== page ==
Skip to content

Pliny on the formation of selenite.

Pliny the Elder, on selenite mined near Segóbriga (Segobriga near modern Saelices, Cuenca in Spain), Naturalis Historia 36.45:

Umorem hunc terræ quadam anima crystalli modo glaciari et in lapidem concrescere manifesto apparet, quod cum feræ decidere in puteos tales, medullæ in ossibus earum post unam hiemem in eandem lapidis naturam figurantur.

It is patently obvious that this is a liquid frozen like quartz by some spirit in the earth and hardened into rock, because when animals fall into their mineshafts, their bone marrow transforms into the same kind of rock after a single winter.

As given it sounds like something of an outlandish hypothesis, but apparently the only difficult part is the post unam hiemem “after a single winter”. Gypsum permineralization of animal remains is not unknown, but the process would certainly have taken longer than a season; it has been suggested that the animals found were prehistoric fossils and the assumption that they had fallen into the mine would just have been the simplest explanation of why animals would be found at such a depth to begin with.

Selenite (<em>lapis specularis</em>)

Selenite (lapis specularis)

As for crystalli modo glaciatur—today, of course, we wouldn’t say that any crystal, except possibly that of ice, would be formed by freezing; the usual explanation is precipitation out of a solution. Ancient Europe, though, was very weak on the chemistry of solutions: Aristotle, for example, asserted (in On Generation and Corruption) a drop of wine could not be mixed into ten thousand gallons of water, but that the mass of water would overpower and transform that wine into water if they came together. (Today we recognize contaminants can have effect even highly diluted; a drop in ten thousand gallons is about one part per billion and, to take a concrete example, 2 parts per billion is the maximum acceptable quantity of mercury in American drinking water.) With that level of understanding, saying that something ‘freezes the way that quartz crystal does’ (crystalli modo glaciatur) is probably as close to saying it ‘crystallizes’ that you’re going to get.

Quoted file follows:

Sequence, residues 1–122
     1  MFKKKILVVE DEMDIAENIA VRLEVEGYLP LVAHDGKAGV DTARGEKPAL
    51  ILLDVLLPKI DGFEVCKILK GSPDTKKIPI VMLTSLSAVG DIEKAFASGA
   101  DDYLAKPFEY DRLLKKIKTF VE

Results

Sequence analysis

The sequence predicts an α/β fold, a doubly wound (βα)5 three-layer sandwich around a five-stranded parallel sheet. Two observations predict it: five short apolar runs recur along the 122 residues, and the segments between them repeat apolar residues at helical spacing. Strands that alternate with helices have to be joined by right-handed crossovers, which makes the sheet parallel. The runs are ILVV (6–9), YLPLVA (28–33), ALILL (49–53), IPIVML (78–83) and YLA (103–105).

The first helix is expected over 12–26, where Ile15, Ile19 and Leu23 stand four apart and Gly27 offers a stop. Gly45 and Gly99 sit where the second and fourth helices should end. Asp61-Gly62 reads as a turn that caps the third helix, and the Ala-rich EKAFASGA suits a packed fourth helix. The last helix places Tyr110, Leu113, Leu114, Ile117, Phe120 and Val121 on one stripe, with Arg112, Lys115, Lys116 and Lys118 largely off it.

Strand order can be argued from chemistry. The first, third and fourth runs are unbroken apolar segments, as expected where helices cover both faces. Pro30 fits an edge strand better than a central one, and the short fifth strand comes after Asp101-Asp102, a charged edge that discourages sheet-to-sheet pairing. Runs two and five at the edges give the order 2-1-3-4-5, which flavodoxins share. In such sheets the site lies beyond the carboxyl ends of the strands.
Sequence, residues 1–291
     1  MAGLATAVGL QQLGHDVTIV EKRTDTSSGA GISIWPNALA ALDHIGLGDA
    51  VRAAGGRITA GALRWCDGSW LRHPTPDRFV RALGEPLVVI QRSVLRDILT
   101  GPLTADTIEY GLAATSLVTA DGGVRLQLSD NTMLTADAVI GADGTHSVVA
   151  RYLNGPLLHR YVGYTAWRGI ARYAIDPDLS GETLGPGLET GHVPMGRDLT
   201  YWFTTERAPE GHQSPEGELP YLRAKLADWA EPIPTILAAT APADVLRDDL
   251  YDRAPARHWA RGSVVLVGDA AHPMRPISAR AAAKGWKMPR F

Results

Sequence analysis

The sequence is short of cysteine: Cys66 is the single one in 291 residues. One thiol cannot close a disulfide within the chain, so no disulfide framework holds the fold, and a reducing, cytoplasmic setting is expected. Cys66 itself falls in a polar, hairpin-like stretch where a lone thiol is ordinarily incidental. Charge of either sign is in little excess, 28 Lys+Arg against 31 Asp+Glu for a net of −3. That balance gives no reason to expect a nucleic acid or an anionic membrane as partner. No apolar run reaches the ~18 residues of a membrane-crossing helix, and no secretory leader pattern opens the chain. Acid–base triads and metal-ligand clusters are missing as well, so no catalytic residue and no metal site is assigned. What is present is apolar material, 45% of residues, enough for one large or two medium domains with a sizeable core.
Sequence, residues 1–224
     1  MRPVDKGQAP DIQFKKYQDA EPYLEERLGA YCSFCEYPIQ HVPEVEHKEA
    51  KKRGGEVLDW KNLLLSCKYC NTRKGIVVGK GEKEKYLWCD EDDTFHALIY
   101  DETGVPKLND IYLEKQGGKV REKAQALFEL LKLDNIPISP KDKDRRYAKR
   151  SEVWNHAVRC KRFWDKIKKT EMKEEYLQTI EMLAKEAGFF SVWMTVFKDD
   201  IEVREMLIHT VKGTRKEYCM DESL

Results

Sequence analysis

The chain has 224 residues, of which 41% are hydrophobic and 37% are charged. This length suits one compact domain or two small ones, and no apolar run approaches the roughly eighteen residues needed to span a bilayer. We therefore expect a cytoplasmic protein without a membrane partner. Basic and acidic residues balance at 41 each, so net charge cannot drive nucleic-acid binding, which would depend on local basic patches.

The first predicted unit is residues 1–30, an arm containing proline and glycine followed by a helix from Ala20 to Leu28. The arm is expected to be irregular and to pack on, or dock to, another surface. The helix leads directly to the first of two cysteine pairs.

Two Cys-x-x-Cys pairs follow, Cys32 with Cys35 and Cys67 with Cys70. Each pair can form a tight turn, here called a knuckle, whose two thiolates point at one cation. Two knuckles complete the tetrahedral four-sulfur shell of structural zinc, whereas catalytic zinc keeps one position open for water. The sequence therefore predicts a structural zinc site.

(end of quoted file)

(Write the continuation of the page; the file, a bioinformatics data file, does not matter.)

Still, to ‘rescue’ the text to something like:

It is patently obvious that this is a liquid crystallized and petrified by some geological process…

…is probably a task best left to Plinipedia, if that ever happens. (There really ought to be a project devoted to updating and correcting Pliny.)

[For crystallum.]

{ 2 } Comments

  1. Alex | March 25, 2011 at 8:42 am | Permalink

    I read elsewhere (I forget where; probably on Plinipedia :) ) that Pliny regarded quartz as a form of ice that had become “permanent” due to being frozen for a long time. This had been justified by the observation that quartz had been found on glaciers but not on volcanoes.

    It’s my understanding that there’s much confusion as to the identity of “selenite” – as the name has been used for either moonstone or for the crystalline form of Gypsum, two completely different minerals. I’m currently attempting to unravel this one. Can of worms.

  2. Muke | March 25, 2011 at 10:01 am | Permalink

    Pliny does assume quartz is formed this way in this passage; I haven’t seen if he asserts it explicitly elsewhere.

    The word ‘selenite’ may be ambiguous in some authors, but the name Pliny uses in this section is ‘lapis specularis’, which I think is unambiguously the gypsum crystal. He says the original and highest-quality source of it was Segóbriga, and the mines there were gypsum mines.

Post a Comment

Your email is never published nor shared. Required fields are marked *